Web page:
Jill scott on interracial dating Webxxxonline

06-Oct-2019 19:39

One thing I've come to understand, through my own relationship, is that for people who are really working at commitment, a relationship quickly ceases to be a political statement.

There is certainly part of me that feels my partnership with a black woman says something about me. The problem is that no committed person goes to bed with black spouse or a white spouse.

Although my guess hit the mark, when my friend told me his wife was indeed Caucasian, I felt my spirit...wince. African people worldwide are known to be welcoming and open-minded.

We share our culture sometimes to our own peril and most of us love the very notion of love.

By her own reckoning Jill Scott's friend is "new." All she knows about him is that he's nice-looking, well compensated and loves his mother.

He could have a trail of baby momma's from Oakland to Kansas City.

A short while ago, Drudge Report tweeted out this quote: “When my friend told me his wife was Caucasian, I felt my spirit wince.” Intrigued, I clicked the accompanying link to find a column the singer Jill Scott wrote for about her feelings on interracial dating posted in March of 2010.

At first, I wondered why on earth Drudge Report was interested in a year old column by a singer.

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But something in me just knew he didn't marry a sister. My body showed no reaction to my inner pinch, but the sting was there, quiet like a mosquito under a summer dress. Did the reality of his relationship somehow diminish his soul's credibility? One could easily dispel the wince as racist or separatist, but that's not how I was brought up. I was taught that every man should be judged by his deeds and not his color, and I firmly stand where my grandmother left me.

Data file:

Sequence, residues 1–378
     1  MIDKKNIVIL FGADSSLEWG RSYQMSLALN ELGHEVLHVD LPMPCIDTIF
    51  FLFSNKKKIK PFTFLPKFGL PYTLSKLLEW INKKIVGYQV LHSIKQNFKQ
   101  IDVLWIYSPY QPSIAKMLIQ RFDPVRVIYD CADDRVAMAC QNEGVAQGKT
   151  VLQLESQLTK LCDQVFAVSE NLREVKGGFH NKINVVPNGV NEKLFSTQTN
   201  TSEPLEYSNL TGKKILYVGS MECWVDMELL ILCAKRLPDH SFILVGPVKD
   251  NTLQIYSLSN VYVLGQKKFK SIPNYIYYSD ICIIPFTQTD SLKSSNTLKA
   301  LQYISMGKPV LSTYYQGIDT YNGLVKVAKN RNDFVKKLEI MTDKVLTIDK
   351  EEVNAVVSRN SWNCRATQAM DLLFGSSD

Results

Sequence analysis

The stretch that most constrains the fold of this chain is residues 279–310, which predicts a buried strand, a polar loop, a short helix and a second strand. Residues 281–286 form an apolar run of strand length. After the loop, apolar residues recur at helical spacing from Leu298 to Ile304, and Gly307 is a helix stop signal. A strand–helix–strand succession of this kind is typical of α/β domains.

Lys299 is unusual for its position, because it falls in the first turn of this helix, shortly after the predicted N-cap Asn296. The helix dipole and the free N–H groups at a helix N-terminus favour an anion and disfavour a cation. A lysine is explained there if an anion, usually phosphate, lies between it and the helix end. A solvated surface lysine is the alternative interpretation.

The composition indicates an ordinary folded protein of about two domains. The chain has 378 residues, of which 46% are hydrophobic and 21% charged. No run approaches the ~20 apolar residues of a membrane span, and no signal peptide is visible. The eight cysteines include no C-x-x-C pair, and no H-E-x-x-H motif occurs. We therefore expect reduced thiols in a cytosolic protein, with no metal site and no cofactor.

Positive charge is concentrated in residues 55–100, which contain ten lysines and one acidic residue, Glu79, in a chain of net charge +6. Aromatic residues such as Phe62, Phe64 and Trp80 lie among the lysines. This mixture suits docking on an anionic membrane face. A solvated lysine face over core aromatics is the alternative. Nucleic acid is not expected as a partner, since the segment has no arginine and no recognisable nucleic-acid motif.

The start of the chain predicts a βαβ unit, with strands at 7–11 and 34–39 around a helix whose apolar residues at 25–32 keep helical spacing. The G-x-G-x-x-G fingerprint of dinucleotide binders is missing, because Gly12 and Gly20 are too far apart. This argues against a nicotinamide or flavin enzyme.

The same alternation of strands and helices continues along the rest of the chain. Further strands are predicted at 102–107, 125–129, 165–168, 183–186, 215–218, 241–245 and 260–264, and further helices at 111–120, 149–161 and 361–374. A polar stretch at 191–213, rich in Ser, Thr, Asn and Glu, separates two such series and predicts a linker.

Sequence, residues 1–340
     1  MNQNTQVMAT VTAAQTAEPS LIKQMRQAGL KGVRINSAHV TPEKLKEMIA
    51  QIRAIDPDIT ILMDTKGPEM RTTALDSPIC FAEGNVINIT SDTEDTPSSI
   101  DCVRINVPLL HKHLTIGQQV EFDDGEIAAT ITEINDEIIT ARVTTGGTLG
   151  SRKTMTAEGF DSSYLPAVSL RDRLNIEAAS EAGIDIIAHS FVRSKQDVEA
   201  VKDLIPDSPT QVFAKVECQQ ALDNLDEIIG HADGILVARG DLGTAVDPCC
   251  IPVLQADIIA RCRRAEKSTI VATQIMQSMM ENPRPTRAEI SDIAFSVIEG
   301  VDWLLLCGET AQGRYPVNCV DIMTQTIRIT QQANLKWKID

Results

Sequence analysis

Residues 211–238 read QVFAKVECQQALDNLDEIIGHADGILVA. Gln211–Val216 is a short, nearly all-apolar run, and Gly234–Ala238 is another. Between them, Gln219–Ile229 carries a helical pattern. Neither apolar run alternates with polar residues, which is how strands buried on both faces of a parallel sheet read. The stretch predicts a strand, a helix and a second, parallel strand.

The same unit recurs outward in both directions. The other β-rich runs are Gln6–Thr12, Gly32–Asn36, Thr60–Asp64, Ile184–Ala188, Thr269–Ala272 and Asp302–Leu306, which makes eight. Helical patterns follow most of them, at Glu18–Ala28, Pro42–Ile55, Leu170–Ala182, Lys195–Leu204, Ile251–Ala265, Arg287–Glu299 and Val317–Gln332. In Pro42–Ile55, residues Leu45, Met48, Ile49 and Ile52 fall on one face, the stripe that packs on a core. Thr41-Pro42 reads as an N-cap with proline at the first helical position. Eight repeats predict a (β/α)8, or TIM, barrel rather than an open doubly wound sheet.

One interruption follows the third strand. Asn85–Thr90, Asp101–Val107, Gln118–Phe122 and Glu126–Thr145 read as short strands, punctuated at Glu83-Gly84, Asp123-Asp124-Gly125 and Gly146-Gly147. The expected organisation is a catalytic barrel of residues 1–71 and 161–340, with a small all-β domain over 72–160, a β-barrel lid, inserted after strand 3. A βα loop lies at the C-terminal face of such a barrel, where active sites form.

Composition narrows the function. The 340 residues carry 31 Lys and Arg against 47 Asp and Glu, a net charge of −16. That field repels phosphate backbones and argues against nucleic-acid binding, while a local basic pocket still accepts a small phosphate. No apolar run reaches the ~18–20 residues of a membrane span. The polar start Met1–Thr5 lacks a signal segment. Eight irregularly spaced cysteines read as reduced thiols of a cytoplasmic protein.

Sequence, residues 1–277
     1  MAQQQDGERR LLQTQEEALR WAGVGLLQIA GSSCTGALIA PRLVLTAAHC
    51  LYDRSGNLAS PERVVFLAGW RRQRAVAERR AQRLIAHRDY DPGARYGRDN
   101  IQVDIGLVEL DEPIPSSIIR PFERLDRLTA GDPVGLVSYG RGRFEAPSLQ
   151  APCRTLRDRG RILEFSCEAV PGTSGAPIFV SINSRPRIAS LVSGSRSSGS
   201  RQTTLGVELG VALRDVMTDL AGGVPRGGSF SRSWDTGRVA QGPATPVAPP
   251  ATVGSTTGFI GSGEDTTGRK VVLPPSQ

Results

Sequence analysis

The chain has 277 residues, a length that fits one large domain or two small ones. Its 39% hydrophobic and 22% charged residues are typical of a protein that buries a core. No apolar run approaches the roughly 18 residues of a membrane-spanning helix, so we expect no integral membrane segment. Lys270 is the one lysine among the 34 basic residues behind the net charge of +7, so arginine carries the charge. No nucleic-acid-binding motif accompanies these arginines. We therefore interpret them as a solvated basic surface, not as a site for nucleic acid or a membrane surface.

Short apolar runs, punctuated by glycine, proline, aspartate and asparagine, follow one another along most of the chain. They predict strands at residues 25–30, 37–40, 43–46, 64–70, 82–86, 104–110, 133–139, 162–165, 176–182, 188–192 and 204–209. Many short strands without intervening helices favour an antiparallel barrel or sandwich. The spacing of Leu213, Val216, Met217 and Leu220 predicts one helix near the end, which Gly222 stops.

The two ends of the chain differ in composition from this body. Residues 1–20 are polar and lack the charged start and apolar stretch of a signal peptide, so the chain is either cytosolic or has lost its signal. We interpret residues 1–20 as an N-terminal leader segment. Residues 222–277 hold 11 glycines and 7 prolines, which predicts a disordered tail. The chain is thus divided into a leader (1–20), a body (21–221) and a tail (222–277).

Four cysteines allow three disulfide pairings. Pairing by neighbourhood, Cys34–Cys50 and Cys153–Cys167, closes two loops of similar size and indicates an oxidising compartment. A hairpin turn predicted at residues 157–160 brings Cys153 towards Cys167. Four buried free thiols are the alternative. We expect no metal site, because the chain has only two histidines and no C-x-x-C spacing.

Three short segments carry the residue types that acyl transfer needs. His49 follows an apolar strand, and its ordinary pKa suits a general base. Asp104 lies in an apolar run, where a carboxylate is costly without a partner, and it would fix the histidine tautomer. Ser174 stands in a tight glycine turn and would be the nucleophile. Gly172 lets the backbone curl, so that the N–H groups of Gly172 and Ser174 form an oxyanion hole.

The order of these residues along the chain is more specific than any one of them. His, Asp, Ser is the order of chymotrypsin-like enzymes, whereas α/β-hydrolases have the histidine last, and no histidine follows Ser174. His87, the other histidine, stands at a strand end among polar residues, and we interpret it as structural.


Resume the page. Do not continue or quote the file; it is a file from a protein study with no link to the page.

It's totally out of whack with what I see/hear in my daily interactions.

It's as if all our complainers, all our naysayers, all our insecurities got together and went into journalism.

If you haven’t been following the story, Michelle Obama’s event is set to feature poetry readings by a number of public figures.

One of the figures, the rapper Common, has come under intense scrutiny because of an old video in which he raps about carrying a gun and threatening police officers and then-President George W. The controversy also touched on a 2005 interview Common gave in which he came out against interracial dating as a detriment to “self love.” Some industrious soul decided to search through the other attendees’ public comments and came up with Scott’s article which is now being widely shared and denounced.

But something in me just knew he didn't marry a sister. My body showed no reaction to my inner pinch, but the sting was there, quiet like a mosquito under a summer dress. Did the reality of his relationship somehow diminish his soul's credibility? One could easily dispel the wince as racist or separatist, but that's not how I was brought up. I was taught that every man should be judged by his deeds and not his color, and I firmly stand where my grandmother left me.

It's totally out of whack with what I see/hear in my daily interactions.

It's as if all our complainers, all our naysayers, all our insecurities got together and went into journalism.

If you haven’t been following the story, Michelle Obama’s event is set to feature poetry readings by a number of public figures.

One of the figures, the rapper Common, has come under intense scrutiny because of an old video in which he raps about carrying a gun and threatening police officers and then-President George W. The controversy also touched on a 2005 interview Common gave in which he came out against interracial dating as a detriment to “self love.” Some industrious soul decided to search through the other attendees’ public comments and came up with Scott’s article which is now being widely shared and denounced.

Then it hit me; she’s going to the White House, isn’t she?